Hurricane Sandy and 9-11 were both devastating catastrophes that demonstrated how much our loved ones and homes really mean to us.

In the Old Testament, Avraham and Sarah also weathered shattering storms. They faced famine, war and infertility into their old age. They were commanded by G-d to sacrifice their only child. Yet Avraham and Sarah never wavered in their love for one another. They had a partnership founded on mutual trust, respect, and devotion.

In his bestselling book “Emotional Intelligence,” Daniel Goleman writes that the most important trait of emotional intelligence is the ability to be empathetic. And this empathy leads to altruism. Avraham and Sarah shared a very high level of emotional intelligence.

Goleman goes on to say:

Men who are high in emotional intelligence are socially poised, outgoing and cheerful, not prone to fearfulness or worried rumination. They have a notable capacity for commitment to people or causes, for taking responsibility, and for having an ethical outlook; they are sympathetic and caring in their relationships. Their emotional life is rich, but appropriate; they are comfortable with themselves, others, and the social universe they live in.

 

Emotionally intelligent women tend likewise to be assertive and express their feelings directly, and to feel positive about themselves; life holds meaning for them; they are comfortable enough with themselves to be playful, spontaneous and open to sensual experience. Unlike women purely high in IQ, they rarely feel anxious or guilty, or sink into rumination.

Goleman devotes a number of chapters to exploring how emotional intelligence impacts marital harmony, and shows how engaging one another to solve differences can bring emotional intelligence to a marriage.

In his international bestseller “Men Are from Mars, and Women Are from Venus,” John Gray states:

Most of our complex emotional needs can be summarized as the need for love. Men and women each have six unique love needs that are all equally important.

The primary love needs of women and men, as written by Gray, are as follows:

WOMEN NEED TO RECEIVE MEN NEED TO RECEIVE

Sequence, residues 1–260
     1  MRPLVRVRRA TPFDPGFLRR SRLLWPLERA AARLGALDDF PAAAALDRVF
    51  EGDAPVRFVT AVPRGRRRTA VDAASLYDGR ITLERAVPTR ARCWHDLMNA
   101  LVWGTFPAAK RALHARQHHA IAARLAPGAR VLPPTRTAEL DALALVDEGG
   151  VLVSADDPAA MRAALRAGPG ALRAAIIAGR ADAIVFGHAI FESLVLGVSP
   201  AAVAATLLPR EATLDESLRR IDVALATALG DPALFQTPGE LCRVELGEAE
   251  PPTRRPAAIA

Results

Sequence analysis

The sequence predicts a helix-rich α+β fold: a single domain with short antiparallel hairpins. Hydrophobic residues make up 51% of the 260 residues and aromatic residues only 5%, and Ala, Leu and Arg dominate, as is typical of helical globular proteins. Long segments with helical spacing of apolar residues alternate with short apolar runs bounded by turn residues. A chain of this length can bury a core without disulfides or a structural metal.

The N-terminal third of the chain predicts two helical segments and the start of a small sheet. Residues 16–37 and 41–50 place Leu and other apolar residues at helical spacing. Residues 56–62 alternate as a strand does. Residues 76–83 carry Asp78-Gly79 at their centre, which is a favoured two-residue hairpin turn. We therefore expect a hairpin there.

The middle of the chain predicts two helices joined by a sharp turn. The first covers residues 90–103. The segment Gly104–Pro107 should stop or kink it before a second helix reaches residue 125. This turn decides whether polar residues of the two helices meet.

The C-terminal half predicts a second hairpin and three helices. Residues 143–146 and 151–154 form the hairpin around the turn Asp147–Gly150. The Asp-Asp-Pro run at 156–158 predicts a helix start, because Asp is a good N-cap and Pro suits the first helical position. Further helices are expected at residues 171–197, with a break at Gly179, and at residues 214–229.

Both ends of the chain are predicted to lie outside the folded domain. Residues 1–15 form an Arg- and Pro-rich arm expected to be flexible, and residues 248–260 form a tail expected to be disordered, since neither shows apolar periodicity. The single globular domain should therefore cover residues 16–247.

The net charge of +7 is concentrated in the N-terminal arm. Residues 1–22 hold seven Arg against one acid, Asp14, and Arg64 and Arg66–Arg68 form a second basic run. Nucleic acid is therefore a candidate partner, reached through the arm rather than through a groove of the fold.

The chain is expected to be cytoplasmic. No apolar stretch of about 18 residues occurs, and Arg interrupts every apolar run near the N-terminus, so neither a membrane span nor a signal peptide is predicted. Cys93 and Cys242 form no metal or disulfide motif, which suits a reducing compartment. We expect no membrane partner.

1. Caring 1. Trust
2. Understanding 2. Acceptance
3. Respect 3. Appreciation
4. Devotion 4. Admiration
5. Validation 5. Approval
6. Reassurance 6. Encouragement

Returning to Avraham and Sarah, there is no doubt that both internalized the importance of John Gray’s gender differences. They also characterized the action-oriented ways to strengthen bonds, as written by popular talk show host Dr. Phil in his book “Love Smart”:

  • Work on your relationship regularly
  • Don’t take each other for granted
  • Show each other you care
  • Don’t forget about sex
  • Do your own thing
  • Quit comparing
  • Make life fun.

I believe that Sarah and Avraham each had a keen sense of self-awareness. As Rabbi Abraham J. Twerski points out in his book “The First Year of Marriage”, developing healthy self-esteem is a critical component of marital success.

Repeated stories tell how the last words uttered by the victims of 9-11 to their loved ones were simply “I love you.” I am certain that Hurricane Sandy precipitated its own frantic exchanges of devotion and dedication.

Avraham and Sarah have my vote hands-down as the candidates of choice for the “model couple” emerging from Bereshit (Genesis). Let us hope that it does not take catastrophic events to make us appreciate our loved ones and how much our lives are enriched by their presence. Have you told your significant other “I love you” today?

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